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Rams ready to face top wideout in conference

Fort Valley's Chris Slaughter, the conference's leading wideout, posing serious matchup problems for the Rams' secondary when the two teams meet Saturday in Columbus. Slaughter has 40 catches for 818 yards and eight touchdowns.

Fort Valley's Chris Slaughter, the conference's leading wideout, posing serious matchup problems for the Rams' secondary when the two teams meet Saturday in Columbus. Slaughter has 40 catches for 818 yards and eight touchdowns.

Looking Ahead

WHO: Fort Valley (7-2, 5-1) vs. Albany State (6-3, 5-1).

WHAT: 23rd annual Fountain City Classic, East Division title on line.

WHEN: 2 p.m. Saturday.

WHERE: Columbus.

RADIO: 98.1 FM.

LIVE UPDATES: Log onto: twitter.com/AlbHeraldSports.

ALBANY — Albany State safety Dexter Moody has heard all about Christopher Slaughter and has seen plenty of film featuring Fort Valley State’s star receiver.

He’s familiar with Slaughter’s conference-best stats, too: 40 catches, 818 yards and eight touchdowns.

But Moody has a message for the FVSU wideout.

“One player isn’t going to beat us,” Moody said. “That’s how I look at it. He will come out and give us his best game, but I am going to come out and give my best game ever.”

Moody and the ASU defense will have the difficult task of trying to contain Slaughter in Saturday’s Fountain City Classic in Columbus, where either the Rams (6-3, 5-1) or the Wildcats (7-2, 5-1) will emerge as East Division champions and advance to next week’s conference championship game.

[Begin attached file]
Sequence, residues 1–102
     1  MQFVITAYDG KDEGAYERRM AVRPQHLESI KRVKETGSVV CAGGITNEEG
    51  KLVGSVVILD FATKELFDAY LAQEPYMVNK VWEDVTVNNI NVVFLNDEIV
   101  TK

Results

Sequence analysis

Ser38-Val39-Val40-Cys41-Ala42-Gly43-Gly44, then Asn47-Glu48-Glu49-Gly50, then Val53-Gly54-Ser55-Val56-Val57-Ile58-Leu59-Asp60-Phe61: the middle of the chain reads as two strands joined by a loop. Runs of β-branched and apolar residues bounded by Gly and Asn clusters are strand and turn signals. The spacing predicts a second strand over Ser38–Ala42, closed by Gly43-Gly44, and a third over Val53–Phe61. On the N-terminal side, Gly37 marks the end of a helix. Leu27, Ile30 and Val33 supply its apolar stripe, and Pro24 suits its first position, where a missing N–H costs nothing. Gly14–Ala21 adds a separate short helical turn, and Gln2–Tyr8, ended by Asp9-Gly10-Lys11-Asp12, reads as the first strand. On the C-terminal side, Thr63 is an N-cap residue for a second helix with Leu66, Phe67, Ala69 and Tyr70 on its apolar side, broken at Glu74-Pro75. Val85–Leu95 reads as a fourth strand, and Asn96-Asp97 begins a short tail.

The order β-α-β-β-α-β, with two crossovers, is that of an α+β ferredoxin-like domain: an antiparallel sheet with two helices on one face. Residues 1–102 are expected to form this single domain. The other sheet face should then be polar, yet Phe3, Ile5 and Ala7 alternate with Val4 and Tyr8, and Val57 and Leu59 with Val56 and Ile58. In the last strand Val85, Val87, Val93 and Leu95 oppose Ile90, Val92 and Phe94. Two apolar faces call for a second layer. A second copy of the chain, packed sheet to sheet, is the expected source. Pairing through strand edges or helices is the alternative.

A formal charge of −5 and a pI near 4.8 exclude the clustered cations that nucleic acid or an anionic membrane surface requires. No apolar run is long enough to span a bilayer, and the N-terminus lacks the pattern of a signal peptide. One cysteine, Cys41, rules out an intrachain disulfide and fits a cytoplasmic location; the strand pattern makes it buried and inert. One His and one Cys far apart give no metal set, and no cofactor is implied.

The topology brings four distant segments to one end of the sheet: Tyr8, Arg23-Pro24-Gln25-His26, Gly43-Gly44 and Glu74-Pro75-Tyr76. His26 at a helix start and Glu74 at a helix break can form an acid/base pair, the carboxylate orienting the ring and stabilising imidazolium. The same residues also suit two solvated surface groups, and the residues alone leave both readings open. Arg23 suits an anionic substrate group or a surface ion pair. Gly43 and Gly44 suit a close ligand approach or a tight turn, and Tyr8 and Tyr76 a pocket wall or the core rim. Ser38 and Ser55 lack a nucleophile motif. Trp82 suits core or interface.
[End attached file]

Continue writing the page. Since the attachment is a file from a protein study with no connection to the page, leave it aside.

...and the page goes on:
The season ends for the loser, and White said stopping Slaughter will be a big part of extending ASU’s year.

“Without question, he is probably the most talented wide receiver in this conference,” White said. “He is a big-time deep threat, and any little short, three-step pass he can turn into a long score, too.”

Slaughter, a native of Fort Valley who could very well be playing professionally next year, is 6-foot-3 but plays even taller.

“He out-jumps most corners and they can throw him the deep ball at any time,” White said. “He automatically stretches the field vertically just by him being on the field.”

White said it’s hard to game plan around Slaughter because FVSU uses him in so many formations.

“They move him around,” White said. “He can be on the short side, or be part of trips, or be on the backside by himself. If you wanted to even double him, it’s hard to try to track him.

“We just have to play the deep ball, and if he catches any of those short passes we have to tackle him there. There is no trick way or any certain scheme that we have, other than we just have to make those plays when they present themselves.”

Last season, ASU held Slaughter to three catches for 21 yards and a TD, but the wideout isn’t shut down like that too often. This season, he has had at least 90 yards receiving in five of the last six games, including the Oct. 13 matchup against Concordia-Selma when he exploded for 207 yards and two TDs.

“He knows how to run routes, and he has good hands,” ASU linebacker and former Monroe star Larry Whitfield said. “We have to keep our eye on Slaughter. He is a good player, and I’ve heard about him and seen him on film and everything. We just have to take care of business.”